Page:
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Does anyone have experience/recommendations regarding the in-case humidity control packs made by Boveda? This system was recommended to me by a violinist friend.  It's a sealed pack that fits inside a fabric pouch, and either absorbs or gives off moisture to keep the humidity in the case in the 45-55 % RH range.  Where I live in Canada we have very humid summers, and very dry indoor air once the furnace comes on the the winter.  I'm thinking of trying it in a double case where I keep my Morse and Wally Carroll.  Previously I have used a unit which needs to be filled with water, but had a near miss when it started to leak.  The company website doesn't mention concertinas or other free reed instruments- only stringed and woodwind instruments.

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I use these for my Lachenal Edeophone 56 keys...ebony ends. I keep two of the humidity packs inside a flight case from Button Box, one for each side of the concertina...but not touching the instrument. They seem to work well in the rapid variaions of humidity and temperature in West Virginia.   RJ

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These "in case" devices no doubt help.  However, I think of these as a "static aid".  Each year I usually remind concertina players that playing their instruments in humidity poor environments is in effect drying them from the inside out as the dry air gets pumped through.  I like to think a more dynamic approach to helping a concertina through the winter is to actively add humidity to the playing environment.  

 

I recommend a small room humidifier in the area where the concertina gets played most often.  I've found that while concertinas can adjust to lower humidity over time they seem to prefer 50-60% relative humidity.  Your skin and respiratory system might enjoy the increased humidity in the music room as well.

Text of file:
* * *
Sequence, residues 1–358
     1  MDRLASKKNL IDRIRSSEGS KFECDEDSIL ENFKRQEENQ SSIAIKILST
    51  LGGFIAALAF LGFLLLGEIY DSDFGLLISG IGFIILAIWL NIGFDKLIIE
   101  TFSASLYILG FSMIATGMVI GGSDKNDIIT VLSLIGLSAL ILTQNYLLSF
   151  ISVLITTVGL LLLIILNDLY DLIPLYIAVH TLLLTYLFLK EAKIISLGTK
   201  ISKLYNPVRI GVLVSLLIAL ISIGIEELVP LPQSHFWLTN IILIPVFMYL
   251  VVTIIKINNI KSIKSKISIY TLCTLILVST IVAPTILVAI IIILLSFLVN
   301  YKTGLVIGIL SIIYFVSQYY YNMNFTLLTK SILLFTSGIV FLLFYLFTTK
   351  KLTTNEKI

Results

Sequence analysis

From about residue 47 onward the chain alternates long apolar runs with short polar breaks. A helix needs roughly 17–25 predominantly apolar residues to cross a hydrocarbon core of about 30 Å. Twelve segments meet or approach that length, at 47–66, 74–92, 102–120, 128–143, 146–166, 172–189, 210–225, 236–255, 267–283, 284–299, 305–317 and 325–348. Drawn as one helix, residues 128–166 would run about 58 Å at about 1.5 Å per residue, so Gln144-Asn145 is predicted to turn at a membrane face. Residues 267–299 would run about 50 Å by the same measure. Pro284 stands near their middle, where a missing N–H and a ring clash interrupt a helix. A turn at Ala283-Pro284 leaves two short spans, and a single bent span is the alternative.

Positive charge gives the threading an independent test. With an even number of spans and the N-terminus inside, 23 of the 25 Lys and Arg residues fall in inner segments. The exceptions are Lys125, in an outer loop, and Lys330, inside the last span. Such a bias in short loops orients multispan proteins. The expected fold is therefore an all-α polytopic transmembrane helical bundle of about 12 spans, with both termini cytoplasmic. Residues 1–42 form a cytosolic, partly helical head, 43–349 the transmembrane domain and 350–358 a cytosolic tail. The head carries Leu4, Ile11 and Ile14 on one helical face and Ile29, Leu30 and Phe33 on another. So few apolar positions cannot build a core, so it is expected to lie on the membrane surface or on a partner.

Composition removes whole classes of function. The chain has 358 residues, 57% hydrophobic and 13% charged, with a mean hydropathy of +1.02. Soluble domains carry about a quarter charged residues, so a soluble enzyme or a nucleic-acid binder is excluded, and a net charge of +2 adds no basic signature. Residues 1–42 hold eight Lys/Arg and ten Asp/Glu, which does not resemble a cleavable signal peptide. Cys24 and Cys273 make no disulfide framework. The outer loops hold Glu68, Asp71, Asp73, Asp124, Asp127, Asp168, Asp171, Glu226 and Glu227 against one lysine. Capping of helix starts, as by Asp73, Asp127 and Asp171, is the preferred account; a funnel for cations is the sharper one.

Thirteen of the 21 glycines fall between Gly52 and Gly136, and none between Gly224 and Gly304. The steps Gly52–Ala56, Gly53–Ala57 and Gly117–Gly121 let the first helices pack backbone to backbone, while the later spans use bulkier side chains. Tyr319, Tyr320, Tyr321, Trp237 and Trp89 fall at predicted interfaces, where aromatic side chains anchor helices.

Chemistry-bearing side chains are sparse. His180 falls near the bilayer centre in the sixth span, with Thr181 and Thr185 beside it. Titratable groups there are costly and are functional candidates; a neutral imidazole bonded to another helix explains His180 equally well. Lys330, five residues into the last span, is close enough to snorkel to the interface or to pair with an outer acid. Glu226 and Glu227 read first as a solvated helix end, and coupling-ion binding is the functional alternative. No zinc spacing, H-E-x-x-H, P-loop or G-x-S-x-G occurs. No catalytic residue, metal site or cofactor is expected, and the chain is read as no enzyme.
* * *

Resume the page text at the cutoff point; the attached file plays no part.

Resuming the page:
Greg

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Thank you Greg! I also keep a humidified room, as I have fretted instruments. My wife calls it The Jungle, as it is warm and humid...though perhaps she is also referring to the happy absence of tidiness.

 

This creates another question-worthy scenario, as many room-humidifiers blow out a  fine white dust, even when using distilled water. The distraught musician seems to do less practicing than he/she does cleaning-up. But those old British concertinas certainly sound best when they remember the damp of London, where they breathed in fog as they were played.

 

Robert

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One thing to keep in mind is that woods lose moisture to the air at a much higher rate than they regain it.  This is especially true for thin wood like violin plates.  In concertinas, the pad boards are generally one of the thinner parts, with the reed pans being next.  The ends if wood, are commonly laminated and are less vulnerable.  
   Room or house humidity control avoids the sharp changes of in case to out.  In case humidifiers are a second best, but still worthwhile bit of insurance.  
   I have used a large console evaporative humidifier for a long time for my shop to aim for that 50% rh level  in winter with no white dust,  they have their own problems, but don’t make a mess.

   Cooler temperatures reduce the need for extra humidity.

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I live in Wisconsin with forced air heating which can get pretty dry in winter.  I’ve been using a Venta brand room humidifier. It consists of a slowly rotating plastic drum with multiple fins which is partially immersed in water as a fan blows the air above it.  It puts about a gallon of water per day into the room air where I practice.  It’s able to keep the RH at about 40%, but that’s about it.  There’s no way it could reach 50% unless I bought another one.  The nice thing about it is that there are no pads to change and no dust problems.

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